vertising as the star of the show. The
alternative was that he would quit. Re-
It was George W. Lederer during his
New York Casino regime, who gave
musical farces or musical comedy
most of the wrinkles that made the
feminine choruses of the Lederer
shows distinctive from the vocal femi
nine auxiliaries of the average Broad
way musical production contemporane- j fusing to comply, Harry Askin, presl-
ous with his pieces. It was Lederer dent and acting manager of the cor-
Seat sale Sunday. Feb. 6, at 9
Phone 224 West.
Thursday, February 8.
Welterweight Championship of Uie
of Davenport, Cliainpton of Iowa
of Koek Inland, Champion of Illinois
llehl two out of three to flnltth. Other
Price V, ;i.V, 50c, 7V Itox and
Mage neat $l.O0.
Seat sale Tuesday. Feb. 6, at
i. tu. Phone 224 West.
cmateur champion, won two of the
three races for the indoor champion
ship, 6kating the one mile in 3:10
and the two mile race in 6:11.
Harry Kaad of Chicago took the half
mile race in 1:24.
Wednesday, Feb. 7.
Performance begins 2:00,
3:15, 4:30, 7:00, 8:15,
Admission 10 c.
Children 5 c.
At High School
One Week Ilcginning Tonight.
Ray Raymond and Big Com-!
pany in ,
Twenty Prvtty GirlsTen Principals.
A Carload of Scenery and
F.lertrival Kfferts. j
91.5U Show for 10c and SOc.
m-hU now on sale. Itione F-a-st 37.
TUIUK SHOWS DALLY i
Fourth Ave. and Nineteenth St-
is what people say of
members of the Seymour A. C. club.
on which team Doyle covered first
base several years ago. The bearers
were Frank Hennessey, Archie Mac
Donald, Homer MacDonald, James
Walsh, Morris Dooling, John Larin
and Frank Hemmler.
London, Feb. 6. Owing to the un
satisfactory result of the contest on
Jan. 2 between Frank Moran, tho
Pittsburgh heavyweight, and Fred
Storbeck, the ex-heavyweight cham
pion of South Africa", a return match
was fought at Blackfriars last night.
In the previous fight Storbeck was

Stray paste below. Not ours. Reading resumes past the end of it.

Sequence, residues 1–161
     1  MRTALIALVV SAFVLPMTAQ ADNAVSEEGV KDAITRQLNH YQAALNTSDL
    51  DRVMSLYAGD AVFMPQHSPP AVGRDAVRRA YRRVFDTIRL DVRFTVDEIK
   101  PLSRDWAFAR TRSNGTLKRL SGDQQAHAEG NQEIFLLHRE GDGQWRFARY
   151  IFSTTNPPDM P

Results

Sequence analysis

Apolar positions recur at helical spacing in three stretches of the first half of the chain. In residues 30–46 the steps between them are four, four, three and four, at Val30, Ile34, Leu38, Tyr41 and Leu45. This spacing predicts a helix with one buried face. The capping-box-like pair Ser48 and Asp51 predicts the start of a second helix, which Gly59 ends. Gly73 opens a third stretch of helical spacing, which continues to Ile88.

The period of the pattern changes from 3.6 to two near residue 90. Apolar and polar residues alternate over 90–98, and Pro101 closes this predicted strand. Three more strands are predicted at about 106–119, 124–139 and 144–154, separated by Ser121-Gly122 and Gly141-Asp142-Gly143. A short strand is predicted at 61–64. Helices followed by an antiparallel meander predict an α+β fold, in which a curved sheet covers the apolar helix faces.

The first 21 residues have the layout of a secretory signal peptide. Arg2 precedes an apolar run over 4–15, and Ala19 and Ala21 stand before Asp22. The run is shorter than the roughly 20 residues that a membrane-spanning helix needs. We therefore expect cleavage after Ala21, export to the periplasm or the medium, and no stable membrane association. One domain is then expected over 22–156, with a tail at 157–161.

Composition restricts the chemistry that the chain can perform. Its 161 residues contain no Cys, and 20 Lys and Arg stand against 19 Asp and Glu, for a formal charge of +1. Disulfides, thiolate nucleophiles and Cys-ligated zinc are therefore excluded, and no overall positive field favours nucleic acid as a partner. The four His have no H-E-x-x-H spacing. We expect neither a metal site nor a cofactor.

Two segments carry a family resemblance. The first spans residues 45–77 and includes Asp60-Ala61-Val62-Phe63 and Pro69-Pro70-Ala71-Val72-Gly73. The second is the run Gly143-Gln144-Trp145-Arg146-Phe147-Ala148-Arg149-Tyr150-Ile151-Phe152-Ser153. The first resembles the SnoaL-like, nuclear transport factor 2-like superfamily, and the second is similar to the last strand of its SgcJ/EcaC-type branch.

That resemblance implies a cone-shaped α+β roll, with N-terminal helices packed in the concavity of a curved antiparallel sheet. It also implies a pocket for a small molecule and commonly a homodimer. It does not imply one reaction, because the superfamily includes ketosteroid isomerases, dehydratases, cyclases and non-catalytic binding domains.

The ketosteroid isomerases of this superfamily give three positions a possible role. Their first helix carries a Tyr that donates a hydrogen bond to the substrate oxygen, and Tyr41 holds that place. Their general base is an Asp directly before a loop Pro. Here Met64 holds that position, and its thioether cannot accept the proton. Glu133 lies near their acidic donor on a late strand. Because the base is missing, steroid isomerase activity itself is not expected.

disqualified in the seventh round for
fouling. Moran proved an easy win
ner last night. Both received much
punishment and in the 12th round
the American floored Storbeck three
times. Storbeck was unable to come
up for the 13th.
Keokuk, Iowa, Feb. 5. The pet
scheme of President M. E. Justice by
which each club in the Central asso
ciation would be required to give
J 1.000 bonds that it abides by the
salary limit will not be submitted in,
time to become effective this season,
according to a statement from Jus-
tire. He says the clubs will not be'
asked to adopt the side agreement J
until the annual meeting In Peptem-j
her. The Keokuk association an-i
ncunced the signing of Pitcher L. E. j
Richmond of Ft. Dodge, Iowa, and
the booking of exhibition games with
Racine. Des Moines and Blooming
ton. Pitcher McCray, a southpaw,
. hr.j returned a signed contract.
Minneapolis, Minn., Feb. 5. Wil-
j liam Fox. manager of the Racine club
of the Wisconsin-Illinois league, has
signed Walter Johnson, a local semi-'
; pro pitcher, and Joseph Fautch, a j
utility man. living here, who was;
!with the Red Wing club in the Min-j
resota-Wisconsin league last year.
M:nr.eapoIis, Minn., Feb. 5. Rob-
The high school basketball five is
scheduled to play the Social quintet
this evening at the school gymnasium
in one of the games to determine the
basketball championship of the city.
Coach Corneal is not exactly certain
what lineup he will present, but most
probably Captain Behnamann, Neussili,
Tremann, Kittilsen and Chalk will de
fend the school colors. Two girl teams.
OLD TIMER GOES TO
who first introduced a whistling num
ber, piped by choristers, and also it
was he who changed the fashions in
popular chorus deities from just plain
"chorus" girls to "show girls,'' and
from these to girls in long skirts, and
likewise, it was Lederer who first
gave the country a dancing octette
of girls labelled "ponies" this in his
production in the New York theatre.
New York, of "The Man in the Moon."
Employing only blonde girls at one